Today was a day at sea; it was also a day for storytelling on the ship. With the Drake Passage again unnaturally calm, we were able to sit fairly comfortably in the lounge as our naturalists used their photographs, videos, and sound recordings to tell us about their lifes’ adventures.
The ship doctor, Dean, began the day with the story of his adventures on the continental mainland studying Emperor penguins and being attacked by a leopard seal. He showed us breathtaking images of these giant birds as they marched single file to the sea to go foraging for food. Typical of penguins, the lead penguin usually scopes out the scene looking for potential threats in the water. Sometimes they are the first to take the plunge, and sometimes, they trick their fellow penguins into jumping first so they can see if it really is safe. In the video Dean showed us, the lead penguin did just that—looked around, went to jump in, reconsidered the decision, and slid off to the side to let the others go first. Later in the expedition, the doctor learned first-hand just how dangerous it is to stand close to an opening in the ice as a leopard seal leapt out and attacked him while he was standing on the ice. Fortunately, he lived to tell the tale, but frightening, nonetheless.
The next person to share his adventures was Eric. Nicknamed the “Ice Man” (or “Snowflake,” depending on who’s introducing him), Eric spends a lot of his time investigating glaciers and caves found under the ice. His video showed us his hiking and camping in Refugio del Viento in Argentina exploring ice caves and making beautiful images of light in the ice. He says, “The history, the story of ice, is a pretty intriguing one.”
At dinner, Alberto shared his stories of traveling through the Amazon leading an expedition of English-speaking tourists into an indigenous town where he was able to make arrangements with the women of the area, who are not accustomed to feeling empowered or valued, to teach the tourists how to make handmade textiles. His bilingual and multicultural skills, he says, were imperative to being able to facilitate this experience of cultural exchange between the two groups of people. Later, he kindly retold the story as I recorded an interview with him to show my students about the power of being bilingual.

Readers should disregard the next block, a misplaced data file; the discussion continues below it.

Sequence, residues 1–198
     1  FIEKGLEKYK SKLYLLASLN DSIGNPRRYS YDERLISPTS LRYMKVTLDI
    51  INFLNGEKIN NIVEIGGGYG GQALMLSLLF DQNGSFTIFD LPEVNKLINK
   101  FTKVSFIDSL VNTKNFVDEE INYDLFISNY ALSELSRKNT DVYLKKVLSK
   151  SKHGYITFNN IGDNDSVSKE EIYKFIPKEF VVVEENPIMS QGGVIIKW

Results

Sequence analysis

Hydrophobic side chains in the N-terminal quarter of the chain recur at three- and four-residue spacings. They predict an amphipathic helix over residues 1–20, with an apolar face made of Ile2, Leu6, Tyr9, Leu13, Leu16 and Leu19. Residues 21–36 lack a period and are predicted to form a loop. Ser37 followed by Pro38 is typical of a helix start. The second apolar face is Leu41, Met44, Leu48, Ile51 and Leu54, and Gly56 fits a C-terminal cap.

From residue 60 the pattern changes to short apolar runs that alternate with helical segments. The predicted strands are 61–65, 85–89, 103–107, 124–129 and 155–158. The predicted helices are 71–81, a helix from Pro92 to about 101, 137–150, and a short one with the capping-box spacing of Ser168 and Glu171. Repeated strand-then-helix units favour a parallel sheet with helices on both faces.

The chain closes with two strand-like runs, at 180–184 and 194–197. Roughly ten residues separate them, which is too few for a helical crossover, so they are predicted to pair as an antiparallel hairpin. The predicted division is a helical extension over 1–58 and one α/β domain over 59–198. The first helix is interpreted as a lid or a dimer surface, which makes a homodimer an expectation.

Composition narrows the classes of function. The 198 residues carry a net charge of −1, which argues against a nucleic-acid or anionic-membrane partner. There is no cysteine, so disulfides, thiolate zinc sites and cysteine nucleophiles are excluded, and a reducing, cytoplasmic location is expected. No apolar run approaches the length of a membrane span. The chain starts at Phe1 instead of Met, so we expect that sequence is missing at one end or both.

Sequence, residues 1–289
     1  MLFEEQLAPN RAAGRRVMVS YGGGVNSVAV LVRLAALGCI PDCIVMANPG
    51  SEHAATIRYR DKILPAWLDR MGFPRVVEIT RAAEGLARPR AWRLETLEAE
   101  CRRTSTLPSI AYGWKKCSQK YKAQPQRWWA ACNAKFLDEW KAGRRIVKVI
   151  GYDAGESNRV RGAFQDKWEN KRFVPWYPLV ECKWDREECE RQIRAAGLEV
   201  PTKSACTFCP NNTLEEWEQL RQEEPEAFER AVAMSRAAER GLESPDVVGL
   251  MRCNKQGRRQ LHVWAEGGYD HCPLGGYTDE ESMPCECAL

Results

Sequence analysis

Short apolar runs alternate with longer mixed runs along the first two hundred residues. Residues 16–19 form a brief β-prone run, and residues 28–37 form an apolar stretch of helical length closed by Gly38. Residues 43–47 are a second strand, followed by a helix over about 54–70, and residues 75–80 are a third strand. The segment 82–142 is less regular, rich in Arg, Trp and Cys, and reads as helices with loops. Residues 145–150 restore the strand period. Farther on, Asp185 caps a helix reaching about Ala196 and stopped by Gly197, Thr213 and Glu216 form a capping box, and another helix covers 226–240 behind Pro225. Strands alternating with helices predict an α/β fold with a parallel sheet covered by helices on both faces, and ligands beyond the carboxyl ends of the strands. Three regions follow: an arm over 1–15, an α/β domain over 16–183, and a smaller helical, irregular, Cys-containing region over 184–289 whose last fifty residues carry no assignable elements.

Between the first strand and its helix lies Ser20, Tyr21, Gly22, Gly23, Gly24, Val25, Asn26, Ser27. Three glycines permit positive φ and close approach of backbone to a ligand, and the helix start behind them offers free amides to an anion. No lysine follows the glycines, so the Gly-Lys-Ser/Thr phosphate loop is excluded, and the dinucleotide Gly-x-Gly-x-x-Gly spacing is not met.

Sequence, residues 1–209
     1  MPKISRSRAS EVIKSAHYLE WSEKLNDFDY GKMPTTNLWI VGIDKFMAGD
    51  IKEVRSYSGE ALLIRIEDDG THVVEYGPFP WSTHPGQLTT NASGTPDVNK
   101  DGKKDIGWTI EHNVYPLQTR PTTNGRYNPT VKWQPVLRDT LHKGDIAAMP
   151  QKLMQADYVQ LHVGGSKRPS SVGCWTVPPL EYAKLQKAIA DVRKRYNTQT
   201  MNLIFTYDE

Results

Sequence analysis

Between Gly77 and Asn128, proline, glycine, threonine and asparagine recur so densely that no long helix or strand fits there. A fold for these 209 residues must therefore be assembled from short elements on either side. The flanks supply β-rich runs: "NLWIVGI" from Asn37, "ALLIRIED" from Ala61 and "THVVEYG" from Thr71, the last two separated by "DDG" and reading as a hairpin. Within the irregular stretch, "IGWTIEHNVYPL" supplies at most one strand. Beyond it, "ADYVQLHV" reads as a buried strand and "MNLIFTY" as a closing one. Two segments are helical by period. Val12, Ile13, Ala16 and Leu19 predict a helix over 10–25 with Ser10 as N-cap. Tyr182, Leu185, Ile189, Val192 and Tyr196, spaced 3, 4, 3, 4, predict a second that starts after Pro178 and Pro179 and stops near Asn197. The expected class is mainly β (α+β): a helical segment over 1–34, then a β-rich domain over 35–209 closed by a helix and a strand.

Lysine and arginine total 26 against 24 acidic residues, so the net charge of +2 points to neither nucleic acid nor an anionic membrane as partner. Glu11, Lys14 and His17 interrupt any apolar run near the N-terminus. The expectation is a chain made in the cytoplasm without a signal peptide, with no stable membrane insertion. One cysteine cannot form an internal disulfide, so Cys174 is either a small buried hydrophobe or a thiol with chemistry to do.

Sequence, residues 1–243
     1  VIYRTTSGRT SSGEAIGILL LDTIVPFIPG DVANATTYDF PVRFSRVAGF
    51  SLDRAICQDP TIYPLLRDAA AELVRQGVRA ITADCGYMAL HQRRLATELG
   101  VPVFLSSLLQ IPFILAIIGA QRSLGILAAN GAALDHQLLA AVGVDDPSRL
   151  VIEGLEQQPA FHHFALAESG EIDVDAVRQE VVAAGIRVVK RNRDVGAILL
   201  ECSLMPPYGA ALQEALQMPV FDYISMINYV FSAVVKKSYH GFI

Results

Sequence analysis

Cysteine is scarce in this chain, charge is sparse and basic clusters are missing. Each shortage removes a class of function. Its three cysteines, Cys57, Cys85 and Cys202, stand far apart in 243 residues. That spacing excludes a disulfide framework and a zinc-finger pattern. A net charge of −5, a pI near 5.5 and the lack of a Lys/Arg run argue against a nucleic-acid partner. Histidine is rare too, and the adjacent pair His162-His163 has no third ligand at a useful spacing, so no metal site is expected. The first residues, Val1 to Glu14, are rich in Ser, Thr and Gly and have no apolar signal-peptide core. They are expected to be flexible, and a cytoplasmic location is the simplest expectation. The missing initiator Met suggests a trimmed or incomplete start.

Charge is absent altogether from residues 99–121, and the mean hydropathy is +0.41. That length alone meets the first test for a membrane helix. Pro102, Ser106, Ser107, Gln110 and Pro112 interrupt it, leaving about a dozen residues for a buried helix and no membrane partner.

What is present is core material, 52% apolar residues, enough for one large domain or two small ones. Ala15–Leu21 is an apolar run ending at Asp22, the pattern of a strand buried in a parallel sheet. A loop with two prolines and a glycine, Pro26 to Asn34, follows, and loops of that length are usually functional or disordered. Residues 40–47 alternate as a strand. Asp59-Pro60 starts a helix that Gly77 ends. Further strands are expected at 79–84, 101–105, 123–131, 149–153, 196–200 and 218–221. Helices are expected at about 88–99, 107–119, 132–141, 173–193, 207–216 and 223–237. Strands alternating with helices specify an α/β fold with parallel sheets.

Next up was Gabriela, who taught us about the First Nations people of Tierra del Fuego – the Yahgan people. Referred to locally as the Yamana people (Yamana meaning “I am alive/I am a human being”), these people evolved from nomadic people around 9000 years ago and were discovered in the mid-1800’s when the explorer Magellan found the area now known as the Strait of Magellan. The Yahgan people were native to the area of Ushuaia, and traveled around via canoe in search of seals to eat and places to stay. Afraid of the peoples living further inland, the Yahgan would build wigwams on the shores relocating frequently. The captivating fact about these people’s lifestyle is that they wore very little clothing. This is amazing mainly because the weather in Ushuaia can be variable and often cold. The chose to do this, however, as a means of self-protection—so that they wouldn’t drown if they fell in the water and so that they could avoid being chilled by water splashing up in the canoes and soaking into their clothing In the absence of modern water-proof outerwear, being naked was the only alternative.
The presentations ended with Andy, who has spent the past several years investigating humpback whales in Alaska. Through images and sound recordings, he painted a picture in our minds about the unique cultural attributes of these immense sea creatures. His research involves learning more about these behaviors as well as the feeding and migratory patterns of whales. The Alaska Whale Foundation, his non-profit organization, is charged with analyzing and providing input on how we can create systems for maintaining a healthy balance of whales in our ecosystem.
The night ended with a viewing of the show “Chasing Shackleton,” documenting the adventures of a group of British men who attempted to recreate the famous Shackleton expedition and survival.
Tomorrow we are scheduled to dock in Ushuaia, visit a museum and tour the town. If we are lucky, we will have some time for socializing at the local establishments there!
Unfortunately, I have no pictures to share today. Saving the best for last, I guess!